How to Be Your Best Self At Your First Conference

Welcome to #STEMSupport, a bi-monthly article that will tackle common questions and issues others may face within STEM. Today, we’ll be talking about conferences – a necessary evil for many anxious students around the world! Hopefully, this article will put your mind at ease…or at least help you manage your stress levels a bit.

Deadlines, drafts, review panels, you name it…there are a lot of things in academia that can cause stress and anxiety. And unfortunately, most of these things are necessary for your academic career. For example, sooner or later, you’ll be faced with something that causes my anxiety levels to go through the roof and into the stratosphere: conferences. Let’s not get too negative, though – conferences are great places to meet and network with academics and professionals in your field, as well as make new friends who share the same research interests as you! But that pressure to socialize (and in some cases, present your work!) can be a lot to handle during your first time.

If you’ve been reading #STEMSupport since the beginning, you might already know that I suffer from extreme anxiety as part of my mental illness. Despite this, I’ve managed to attend and present at lots of conferences, and have found many to be rewarding and full of opportunities for me to further my career. It’s not always easy, but here’s some advice I can give to first-timers to make your first conference experience a bit less stressful!

Plan ahead

Planning ahead is always good advice, regardless of the situation. Many conferences will require lots of traveling and accommodation plans, so it’s especially important to plan ahead. Make sure you double check with the organizers to see if they have any special deals with local hotels or other businesses – this can help cut down costs. Some conferences may also offer bursaries to presenters help cover travel and accommodation costs as well, so keep an eye out!

Use social media to your advantage

Although it can be more fun and less stressful if you go to a conference with friends, there will be times when you’ll be flying solo. And that can be intimidating! In that case, don’t be afraid to connect with other conference attendees through social media – check to see if the conference has a Facebook page or Twitter account/hashtag. It could be a good way to make some friends prior to the event – and meet other attendees who are in the same situation as you!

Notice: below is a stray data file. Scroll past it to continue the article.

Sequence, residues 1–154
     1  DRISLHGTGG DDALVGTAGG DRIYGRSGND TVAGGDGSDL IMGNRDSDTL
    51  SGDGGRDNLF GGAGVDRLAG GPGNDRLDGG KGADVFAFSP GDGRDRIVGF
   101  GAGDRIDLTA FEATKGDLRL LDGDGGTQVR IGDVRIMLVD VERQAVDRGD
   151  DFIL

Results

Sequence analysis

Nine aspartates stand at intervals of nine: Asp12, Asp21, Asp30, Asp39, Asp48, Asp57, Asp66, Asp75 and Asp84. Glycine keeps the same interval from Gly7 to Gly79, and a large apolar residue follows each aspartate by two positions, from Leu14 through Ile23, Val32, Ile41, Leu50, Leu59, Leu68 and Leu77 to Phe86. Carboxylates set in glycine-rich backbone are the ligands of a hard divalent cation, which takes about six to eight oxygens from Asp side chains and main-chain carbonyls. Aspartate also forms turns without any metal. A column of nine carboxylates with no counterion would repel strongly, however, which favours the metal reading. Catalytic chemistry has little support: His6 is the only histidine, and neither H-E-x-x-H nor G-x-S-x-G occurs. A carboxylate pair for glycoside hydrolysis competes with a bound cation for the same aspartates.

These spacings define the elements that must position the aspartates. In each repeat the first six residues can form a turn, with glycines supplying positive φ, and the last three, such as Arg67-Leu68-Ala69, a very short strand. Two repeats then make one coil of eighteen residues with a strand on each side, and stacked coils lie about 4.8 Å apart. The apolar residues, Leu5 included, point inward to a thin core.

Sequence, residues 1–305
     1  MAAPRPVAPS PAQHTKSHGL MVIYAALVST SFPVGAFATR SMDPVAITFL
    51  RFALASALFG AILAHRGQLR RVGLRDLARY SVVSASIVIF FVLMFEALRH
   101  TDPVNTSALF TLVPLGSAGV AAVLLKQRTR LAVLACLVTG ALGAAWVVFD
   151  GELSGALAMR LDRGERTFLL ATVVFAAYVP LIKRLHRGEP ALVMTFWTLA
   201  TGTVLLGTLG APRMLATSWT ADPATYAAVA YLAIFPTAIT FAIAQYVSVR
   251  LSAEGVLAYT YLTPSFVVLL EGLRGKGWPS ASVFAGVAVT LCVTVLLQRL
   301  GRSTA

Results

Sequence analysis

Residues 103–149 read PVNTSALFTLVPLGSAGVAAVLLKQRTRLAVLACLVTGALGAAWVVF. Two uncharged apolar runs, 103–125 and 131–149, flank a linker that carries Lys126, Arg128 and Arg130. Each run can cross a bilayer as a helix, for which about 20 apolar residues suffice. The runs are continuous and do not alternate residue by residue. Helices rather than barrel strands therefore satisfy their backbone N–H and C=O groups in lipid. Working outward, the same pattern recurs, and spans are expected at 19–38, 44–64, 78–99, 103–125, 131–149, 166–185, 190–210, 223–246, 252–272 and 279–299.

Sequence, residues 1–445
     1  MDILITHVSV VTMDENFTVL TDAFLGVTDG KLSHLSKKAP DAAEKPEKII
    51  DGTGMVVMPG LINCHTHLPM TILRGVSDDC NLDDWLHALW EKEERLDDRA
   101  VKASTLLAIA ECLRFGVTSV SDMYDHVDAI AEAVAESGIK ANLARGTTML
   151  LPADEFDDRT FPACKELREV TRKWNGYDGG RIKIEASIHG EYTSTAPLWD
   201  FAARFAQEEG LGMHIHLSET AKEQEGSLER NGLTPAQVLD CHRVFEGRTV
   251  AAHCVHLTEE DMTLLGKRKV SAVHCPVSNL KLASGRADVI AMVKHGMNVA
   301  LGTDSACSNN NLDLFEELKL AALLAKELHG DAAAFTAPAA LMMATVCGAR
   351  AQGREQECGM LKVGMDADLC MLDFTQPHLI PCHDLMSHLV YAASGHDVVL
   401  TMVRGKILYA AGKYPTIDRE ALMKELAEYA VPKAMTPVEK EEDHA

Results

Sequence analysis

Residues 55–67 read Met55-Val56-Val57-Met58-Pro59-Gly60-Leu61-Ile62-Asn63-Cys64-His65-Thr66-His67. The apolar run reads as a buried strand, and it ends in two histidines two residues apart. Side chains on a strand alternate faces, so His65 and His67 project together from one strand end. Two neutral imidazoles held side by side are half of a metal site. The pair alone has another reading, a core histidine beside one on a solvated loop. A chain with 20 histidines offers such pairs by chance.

Presenting? Practice makes perfect

Whether you’re presenting a paper or a poster, it will probably help your stress levels if you practice your presentation beforehand. Get some friends or colleagues to come around – it will help to practice in front of a crowd and you can get some helpful critique as well!

Don’t be afraid to get involved

Many conferences need volunteers to help run the event – this could be a great way to meet other attendees, both students, and professionals alike! Plus it’s something to add to your CV. Another way you can get involved is by attending any additional events – many conferences will also host special dinners, field trips, and other social events alongside sessions. It can be a great way to socialize with other attendees in a more relaxed environment – plus, they’re fun!

Bring a pen and/or a notebook

This is, by far, the best advice I can give anyone who is attending a conference for the first time. “But Alex”, I hear you say, “That’s a bit…anticlimactic. And kind of obvious. Why is this important?” I’ll be honest…I was a bad conference attendee the first time I went to one as an undergraduate. I didn’t socialize at all and I didn’t take any notes – basically, it felt like I didn’t go to a conference at all! Whether you’re presenting or just attending, you can make the most of your conference experience just by writing things down. Even if I’m in the audience for a session that has nothing to do with my own research, I’ve found that I get inspiration for my own projects by listening to other people talk about theirs. It also helps to have a way to jot down someone’s email if you end up connecting with someone – you’d be surprised how much collaborative work can originate from a chance encounter at a conference!

Thanks for reading! If you have suggestions for topics you would like #STEMSupport to cover in the future, feel free to contact me on Twitter @ArchaeologyFitz. I also write at animalarchaeology.com.

Read more about Alex and #STEMSupport in her intro post by clicking here.


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